I realise that I never wrote about Attica Locke's debut novel Black Water Rising when it was shortlisted for the Orange Prize a few years back, which was very remiss of me. That book rode high on its southern bayou atmospherics, and the pluckiness of its protagonist: low-rent down-at-heel criminal lawyer Jay Porter. It tightly wove the history of the Black Power movement and the machinations of the 1980s oil industry into a procedural murder story. It was all very elegantly done, by a writer who cut her teeth in the film and TV industry, screenwriting for HBO, Fox, Paramount and Warner Bros. What struck me at the time was how neatly the novel was executed; the kind of book that doesn't have any frayed edges, nothing to worry at or unravel.
The Cutting Season is Locke's second novel, and plays out in harmony with her first. This time the setting is a Louisiana plantation where single mother Caren Gray lives and works with her 9 year old daughter Morgan. Like Jay Porter in Black Water Rising, Caren has a legal background, having spent two years at law school in Baton Rouge, although she never qualified to practise. She dropped out because of financial difficulty, took on the management of a hotel, had a baby with her boyfriend. Nine years and a failed relationship later, she finds herself the manager of Belle Vie, the historic plantation where she grew up, now a tourist attraction and a venue for corporate entertainment and weddings. The estate has been preserved in a pre-Civil War stasis, with the Big House and slave quarters unaltered; the only changes are the intrusion of a gift shop, a ticket gate and a theatre venue in which local actors play out The Olden Days of Belle Vie twice a day. This reenactment of the plantation's history - written by the state senator's wife - is part of its recognition...
...as a historical treasure (worthy of state funding). It was as soapy as Gone with the Wind, full of belles and balls and star-crossed lovers, noble Confederates and happy darkies and more dirty Yankees than you could count. And the tourists loved it. Seniors groups and war buffs and New Englanders in shorts and flip flops. And middle school teachers, of course, many of whom ordered items in bulk from the gift shop as takeaways for their students.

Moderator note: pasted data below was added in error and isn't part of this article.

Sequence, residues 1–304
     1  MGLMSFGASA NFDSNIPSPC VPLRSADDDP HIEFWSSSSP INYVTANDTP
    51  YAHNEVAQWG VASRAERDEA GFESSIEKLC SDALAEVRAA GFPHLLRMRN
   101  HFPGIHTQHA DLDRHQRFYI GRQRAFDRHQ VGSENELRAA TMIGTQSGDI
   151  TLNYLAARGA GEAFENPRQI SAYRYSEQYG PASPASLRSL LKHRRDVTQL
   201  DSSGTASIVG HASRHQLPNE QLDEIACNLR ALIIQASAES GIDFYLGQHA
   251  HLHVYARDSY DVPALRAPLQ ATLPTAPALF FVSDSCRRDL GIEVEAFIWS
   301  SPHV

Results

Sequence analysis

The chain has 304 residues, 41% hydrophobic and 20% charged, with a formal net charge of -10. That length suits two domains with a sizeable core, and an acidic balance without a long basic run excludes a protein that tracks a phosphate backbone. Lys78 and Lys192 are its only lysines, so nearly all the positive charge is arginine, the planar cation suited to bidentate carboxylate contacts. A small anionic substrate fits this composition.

Caren is hyper aware of the queasy irony of overseeing this chocolate-box presentation of Louisiana's darkly complex history. She can trace her own ancestry back to Jason, a field slave at Belle Vie, and can even pick out which of the huts he and his family lived in. She once discovered a drunken bridal couple fumbling to open a condom on the dirt floor of his living quarters. It is a moral swamp she has to navigate each and every day as she tours the plantation grounds, ensuring that the authentic look and feel of the place is complete, quietly exhorting forgiveness as she rolls through the quarters in her branded golf buggy.
One of her grounds tours leads to a grim discovery: the body of a Latino woman barely buried in the ditch that seperates Belle Vie from the sugar cane fields farmed by the Groveland Corporation, a national sugar conglomerate. She is an illegal; young, itinerant, working to get back to her family. The backwater police rock up and very quickly settle on a suspect. Donovan Isaacs, FIELD SLAVE #1 from The Olden Days of Belle Vie fits their profile, by virtue of being a young black male with a string of priors. But Caren knows something about their assumptions is very wrong. She discovers her daughter's school shirt stuffed in the back of a drawer, the cuff stained with the blood of the dead woman. Morgan refuses to say how it got there or what she saw, swearing that she never left the house on the night of the murder. Stranded out in the middle of nowhere, alone on the plantation, Caren starts to worry that the more pertinent question is not what Morgan saw, but who saw Morgan.